The table below summarises some characteristics of common plastic film dielectrics.
Applications & Designs
There are various forms of film capacitors on market from SMD chip style up to high power high voltage types:
SMD Stacked Chip
0.01uF – 15uF
30 – 400V
up to 125°C
Some typical examples of film capacitor applications:
- DC link in automotive or renewable energy generators
- AC motor and light start
- Medical defibrilators
- Railway systems
- Defence and space hardware
- Energy distribution and power correction
- X and Y safety capacitors
- EMI noise suppression
Key Attributes of Film Capacitors:
Polar Plastics Vs Non-polar Plastic Dielectrics
Dielectric properties of a polymer largely depend upon their structure. The structure determines whether a polymer is polar or non-polar and this in turn decided the electrical properties of the polymer.
- In polar polymers (PMMA, PVC, Nylon, PC etc.), dipoles are created due to imbalance in the distribution of electrons. These dipoles tend to align in the presence of electric field. Hence, this creates dipole polarization of the material making these materials only moderately good as insulators.
- While non-polar polymers (PTFE, PP, PE, PS) have symmetrical molecules and are truly covalent. There are no polar dipoles present in them and hence in presence of electric field does not align the dipoles. However, slight electron polarization occurs due to the movement of electrons in the direction of electric field, which is effectively instantaneous. These polymers have high resistivities and low dielectric constant.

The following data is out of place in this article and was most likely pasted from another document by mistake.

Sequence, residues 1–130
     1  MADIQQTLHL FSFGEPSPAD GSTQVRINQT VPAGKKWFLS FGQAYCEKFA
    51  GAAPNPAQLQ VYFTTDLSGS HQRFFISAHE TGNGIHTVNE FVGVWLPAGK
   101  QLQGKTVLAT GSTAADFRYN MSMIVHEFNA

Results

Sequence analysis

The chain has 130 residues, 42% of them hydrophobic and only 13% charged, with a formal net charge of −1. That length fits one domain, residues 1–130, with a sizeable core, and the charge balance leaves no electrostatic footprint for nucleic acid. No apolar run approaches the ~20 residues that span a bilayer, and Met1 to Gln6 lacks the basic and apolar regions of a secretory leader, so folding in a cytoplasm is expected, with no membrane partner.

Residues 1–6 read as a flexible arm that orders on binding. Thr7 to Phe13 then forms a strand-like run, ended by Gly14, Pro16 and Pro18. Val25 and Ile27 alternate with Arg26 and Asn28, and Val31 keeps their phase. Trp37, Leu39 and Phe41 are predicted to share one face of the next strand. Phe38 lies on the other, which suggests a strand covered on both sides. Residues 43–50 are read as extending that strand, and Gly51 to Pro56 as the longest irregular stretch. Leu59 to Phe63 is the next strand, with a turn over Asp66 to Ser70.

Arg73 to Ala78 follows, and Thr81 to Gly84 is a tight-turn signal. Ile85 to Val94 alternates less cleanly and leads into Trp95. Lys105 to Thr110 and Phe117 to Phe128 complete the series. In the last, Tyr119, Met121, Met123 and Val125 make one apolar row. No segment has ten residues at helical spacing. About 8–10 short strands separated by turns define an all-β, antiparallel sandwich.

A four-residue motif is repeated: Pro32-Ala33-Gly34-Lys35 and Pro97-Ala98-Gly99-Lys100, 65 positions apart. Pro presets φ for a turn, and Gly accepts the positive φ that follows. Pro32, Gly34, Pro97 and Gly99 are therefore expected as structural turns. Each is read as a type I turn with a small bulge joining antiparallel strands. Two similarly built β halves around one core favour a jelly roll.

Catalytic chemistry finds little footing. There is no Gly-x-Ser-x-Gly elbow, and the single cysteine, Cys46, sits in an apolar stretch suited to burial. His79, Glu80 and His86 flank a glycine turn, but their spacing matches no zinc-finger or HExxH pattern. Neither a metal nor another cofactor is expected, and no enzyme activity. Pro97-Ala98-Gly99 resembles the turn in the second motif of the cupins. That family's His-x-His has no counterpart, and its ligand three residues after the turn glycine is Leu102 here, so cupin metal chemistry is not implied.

Polar plastics have a tendency to absorb moisture from the atmosphere. Presence of moisture raises the dielectric constant and lowers the resistivity. With rise in temperature, there is faster movement of polymer chains and fast alignment of dipoles. This invariably raises the dielectric constant values for polar plastics.
Non-polar plastics are not affected by moisture and rise in temperature. Dielectric constant of various plastic materials can be found in the post linked in material folder of this lesson.
PET and PP totally dominate the film capacitor dielectric market. PP is a small and simple molecule. PET is „heavier” but also provides a stronger and higher tensile strength film that con be bi-axially oriented into very thin films.